This is a seriously flawed work that is redeemed by the strength of the performances, which are almost to a person worth seeing. Ben Kalmen is not someone you’d probably want to have in your life, but he is incredibly charming and I sure didn’t mind spending a couple of hours with him. You’ll no doubt find yourself feeling the same way.

WHY RENT THIS: Douglas is spectacular and gets some fine support from DeVito, Parker, Eisenberg, Poots and Sarandon.

WHY RENT SOMETHING ELSE: The story was a bit cliché and lost steam in the final 20 minutes.

FAMILY VALUES: There’s plenty of bad language and a fair amount of sexual content.

TRIVIAL PURSUIT: The college scenes were filmed at Fordham; Douglas’ next movie (Wall Street: Money Never Sleeps) also was filmed at Fordham and also had Sarandon in the cast.

NOTABLE DVD EXTRAS: None listed.

BOX OFFICE PERFORMANCE: $5.2M on a $15M production budget; the movie was a flop.

FINAL RATING: 7/10

TOMORROW: The Twilight Saga: Eclipse

New Releases for the Week of June 25, 2010


June 25, 2010

There is no "I" in team, but there are two of them in "idiot."

GROWN UPS

(Columbia) Adam Sandler, Chris Rock, Kevin James, David Spade, Rob Schneider, Maria Bello, Salma Hayek, Maya Rudolph. Directed by Dennis Dugan

Five childhood friends, all members of a championship youth basketball team, gather some years later to honor the passing of their former coach. Now married and with kids of their own, they get together at the same lake house on the Fourth of July weekend where they celebrated their championship win years earlier. However, getting older doesn’t necessarily mean growing up and the bickering and childishness that plagued them years earlier begins to resurface.

See the trailer, clips and interviews here.

For more on the movie this is the website.

Release formats: Standard

Rating: PG-13 (for crude material including suggestive references, language and some male rear nudity)

Knight and Day

(20th Century Fox) Tom Cruise, Cameron Diaz, Peter Sarsgaard, Viola Davis. It’s hard enough to nurture a romance in this modern world of social networking, dating websites and instant gratification. It’s doubly tough when you’re being chased around the world by professional assassins, attempting to uncover a deadly secret and you’re not sure if the man accompanying you is a heroic spy, a traitor to his country or just plain whacko.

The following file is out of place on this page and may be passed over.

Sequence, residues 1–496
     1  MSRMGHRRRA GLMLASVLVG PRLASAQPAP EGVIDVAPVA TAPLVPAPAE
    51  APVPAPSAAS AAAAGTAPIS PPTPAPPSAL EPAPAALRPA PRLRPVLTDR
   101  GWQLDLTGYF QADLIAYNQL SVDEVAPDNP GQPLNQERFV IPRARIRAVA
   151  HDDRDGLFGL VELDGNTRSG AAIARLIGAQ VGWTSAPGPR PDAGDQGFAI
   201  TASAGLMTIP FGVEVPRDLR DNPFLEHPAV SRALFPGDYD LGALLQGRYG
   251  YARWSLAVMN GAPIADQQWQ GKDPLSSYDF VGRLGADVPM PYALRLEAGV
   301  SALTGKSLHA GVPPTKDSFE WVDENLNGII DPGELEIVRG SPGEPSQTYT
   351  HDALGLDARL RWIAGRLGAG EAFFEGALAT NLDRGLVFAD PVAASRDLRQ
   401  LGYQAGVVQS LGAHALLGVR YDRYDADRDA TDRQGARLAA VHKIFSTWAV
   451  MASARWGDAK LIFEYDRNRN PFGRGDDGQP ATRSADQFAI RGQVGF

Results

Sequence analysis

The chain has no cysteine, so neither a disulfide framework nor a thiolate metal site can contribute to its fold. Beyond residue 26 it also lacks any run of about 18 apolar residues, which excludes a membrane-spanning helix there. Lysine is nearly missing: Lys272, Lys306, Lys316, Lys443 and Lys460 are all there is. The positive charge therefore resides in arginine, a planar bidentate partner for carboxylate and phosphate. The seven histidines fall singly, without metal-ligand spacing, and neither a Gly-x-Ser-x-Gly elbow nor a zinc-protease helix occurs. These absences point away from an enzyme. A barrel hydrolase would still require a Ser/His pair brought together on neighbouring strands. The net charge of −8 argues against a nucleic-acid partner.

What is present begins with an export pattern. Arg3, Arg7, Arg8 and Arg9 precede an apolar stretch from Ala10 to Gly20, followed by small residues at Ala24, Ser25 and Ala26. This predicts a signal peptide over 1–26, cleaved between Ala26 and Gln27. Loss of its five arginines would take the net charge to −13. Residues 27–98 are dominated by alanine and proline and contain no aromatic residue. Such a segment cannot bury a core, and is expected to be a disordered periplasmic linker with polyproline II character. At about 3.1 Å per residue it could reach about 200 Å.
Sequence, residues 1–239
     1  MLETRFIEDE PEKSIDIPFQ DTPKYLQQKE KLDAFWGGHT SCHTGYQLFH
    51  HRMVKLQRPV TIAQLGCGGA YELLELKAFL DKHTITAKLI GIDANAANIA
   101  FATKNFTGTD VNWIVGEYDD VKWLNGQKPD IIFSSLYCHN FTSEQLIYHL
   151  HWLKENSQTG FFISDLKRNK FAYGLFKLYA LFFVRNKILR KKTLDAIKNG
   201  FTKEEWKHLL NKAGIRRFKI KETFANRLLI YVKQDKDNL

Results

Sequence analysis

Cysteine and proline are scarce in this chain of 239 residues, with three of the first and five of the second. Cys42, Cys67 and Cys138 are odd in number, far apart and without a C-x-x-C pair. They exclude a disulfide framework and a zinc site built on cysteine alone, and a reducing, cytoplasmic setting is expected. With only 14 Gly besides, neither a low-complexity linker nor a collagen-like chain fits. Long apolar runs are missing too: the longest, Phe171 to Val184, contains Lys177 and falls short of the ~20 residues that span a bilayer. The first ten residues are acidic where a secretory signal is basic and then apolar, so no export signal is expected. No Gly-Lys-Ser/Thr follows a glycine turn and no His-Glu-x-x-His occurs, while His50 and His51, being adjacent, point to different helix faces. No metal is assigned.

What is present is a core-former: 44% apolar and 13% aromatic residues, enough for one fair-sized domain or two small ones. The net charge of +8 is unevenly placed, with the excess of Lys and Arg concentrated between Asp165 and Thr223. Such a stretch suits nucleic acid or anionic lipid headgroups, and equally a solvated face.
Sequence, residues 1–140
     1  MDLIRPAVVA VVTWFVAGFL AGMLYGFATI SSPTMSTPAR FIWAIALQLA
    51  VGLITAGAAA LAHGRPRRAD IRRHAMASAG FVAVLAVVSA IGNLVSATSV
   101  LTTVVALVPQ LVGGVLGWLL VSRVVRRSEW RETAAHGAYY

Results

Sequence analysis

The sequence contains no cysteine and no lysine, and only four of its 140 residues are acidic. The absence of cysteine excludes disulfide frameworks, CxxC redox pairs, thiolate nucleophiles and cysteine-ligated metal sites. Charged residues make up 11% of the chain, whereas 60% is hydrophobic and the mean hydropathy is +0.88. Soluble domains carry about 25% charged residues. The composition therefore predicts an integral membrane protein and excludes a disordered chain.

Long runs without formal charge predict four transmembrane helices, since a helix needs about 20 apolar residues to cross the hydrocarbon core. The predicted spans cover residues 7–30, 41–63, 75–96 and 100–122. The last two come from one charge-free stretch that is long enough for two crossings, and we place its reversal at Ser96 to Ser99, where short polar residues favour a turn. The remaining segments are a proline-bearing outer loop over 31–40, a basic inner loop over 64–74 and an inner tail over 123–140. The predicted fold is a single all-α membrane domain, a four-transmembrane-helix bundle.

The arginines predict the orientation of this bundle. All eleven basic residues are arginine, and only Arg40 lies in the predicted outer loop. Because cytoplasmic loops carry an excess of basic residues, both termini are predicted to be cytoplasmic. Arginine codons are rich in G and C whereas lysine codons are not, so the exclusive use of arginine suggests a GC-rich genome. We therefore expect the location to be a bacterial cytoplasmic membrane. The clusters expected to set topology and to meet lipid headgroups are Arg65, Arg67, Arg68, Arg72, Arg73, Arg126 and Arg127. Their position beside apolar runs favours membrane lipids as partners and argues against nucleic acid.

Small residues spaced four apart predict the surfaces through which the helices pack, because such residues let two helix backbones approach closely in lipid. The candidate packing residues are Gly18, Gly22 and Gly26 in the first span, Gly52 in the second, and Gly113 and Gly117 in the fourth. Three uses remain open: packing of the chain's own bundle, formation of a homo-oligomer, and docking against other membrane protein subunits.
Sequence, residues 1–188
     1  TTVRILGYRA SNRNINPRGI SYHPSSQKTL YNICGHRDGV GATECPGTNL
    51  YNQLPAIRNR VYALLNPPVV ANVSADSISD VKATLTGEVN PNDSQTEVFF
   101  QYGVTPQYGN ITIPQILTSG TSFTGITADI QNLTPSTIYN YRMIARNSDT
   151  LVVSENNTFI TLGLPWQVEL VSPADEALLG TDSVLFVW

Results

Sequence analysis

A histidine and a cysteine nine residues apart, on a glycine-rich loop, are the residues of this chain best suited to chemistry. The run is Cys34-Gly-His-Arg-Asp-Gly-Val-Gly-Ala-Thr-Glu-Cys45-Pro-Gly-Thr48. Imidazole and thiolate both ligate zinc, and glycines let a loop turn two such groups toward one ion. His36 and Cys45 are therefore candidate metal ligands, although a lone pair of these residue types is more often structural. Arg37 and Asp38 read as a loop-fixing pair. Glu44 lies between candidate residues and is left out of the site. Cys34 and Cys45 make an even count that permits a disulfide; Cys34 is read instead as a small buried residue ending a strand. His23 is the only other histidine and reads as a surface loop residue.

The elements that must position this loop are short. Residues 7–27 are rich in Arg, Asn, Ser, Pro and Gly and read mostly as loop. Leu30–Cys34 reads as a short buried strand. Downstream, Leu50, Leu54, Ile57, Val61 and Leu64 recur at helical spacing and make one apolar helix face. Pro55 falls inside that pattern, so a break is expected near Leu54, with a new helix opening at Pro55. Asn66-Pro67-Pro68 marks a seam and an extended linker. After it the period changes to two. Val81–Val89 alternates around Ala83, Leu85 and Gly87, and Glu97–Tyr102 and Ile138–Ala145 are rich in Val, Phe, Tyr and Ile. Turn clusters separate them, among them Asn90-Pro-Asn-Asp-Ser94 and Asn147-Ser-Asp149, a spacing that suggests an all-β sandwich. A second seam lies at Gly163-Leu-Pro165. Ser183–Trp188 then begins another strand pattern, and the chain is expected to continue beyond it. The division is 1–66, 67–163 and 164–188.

See the trailer, clips, interviews and promos here.

For more on the movie this is the website.

Release formats: Standard

Rating: PG-13 (for sequences of action violence throughout, and brief strong language)

Mother and Child

(Sony Classics) Naomi Watts, Annette Bening, Kerry Washington, Samuel L. Jackson. Three intertwining tales involve three women whose lives have all been touched in one way or another by adoption; one woman who gave her child up for adoption year earlier, another who was herself adopted and a third looking to adopt a child for herself. This first opened in New York and Los Angeles on May 7.

See the trailer, featurettes and clips here.

For more on the movie this is the website.

Release formats: Standard

Rating: R (for sexuality, brief nudity and language)

Solitary Man

(Anchor Bay) Michael Douglas, Susan Sarandon, Danny DeVito, Mary-Louise Parker. A New Yorker who once owned a successful car dealership is on the verge of a comeback. His out-of-control libido and bad personal choices helped derail his career and end his marriage. While he still hangs out with his daughter and grandson, the latter who adores him without question, she break off the relationship when she discovers dear old dad is seeing one of her friends romantically. Can a solitary man pull off the comeback of the century, or will the demons that caused his downfall in the first place rear their ugly heads? This first opened in New York and Los Angeles on May 21.

See the trailer and clips here.

For more on the movie this is the website.

Release formats: Standard

Rating: R (for language and some sexual content)